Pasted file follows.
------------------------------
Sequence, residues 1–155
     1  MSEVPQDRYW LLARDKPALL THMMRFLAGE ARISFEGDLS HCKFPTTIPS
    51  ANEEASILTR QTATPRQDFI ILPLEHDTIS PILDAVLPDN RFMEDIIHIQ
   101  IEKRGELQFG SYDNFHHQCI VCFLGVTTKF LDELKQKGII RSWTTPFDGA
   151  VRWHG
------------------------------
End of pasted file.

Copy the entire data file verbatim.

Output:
Sequence, residues 1–155
     1  MSEVPQDRYW LLARDKPALL THMMRFLAGE ARISFEGDLS HCKFPTTIPS
    51  ANEEASILTR QTATPRQDFI ILPLEHDTIS PILDAVLPDN RFMEDIIHIQ
   101  IEKRGELQFG SYDNFHHQCI VCFLGVTTKF LDELKQKGII RSWTTPFDGA
   151  VRWHG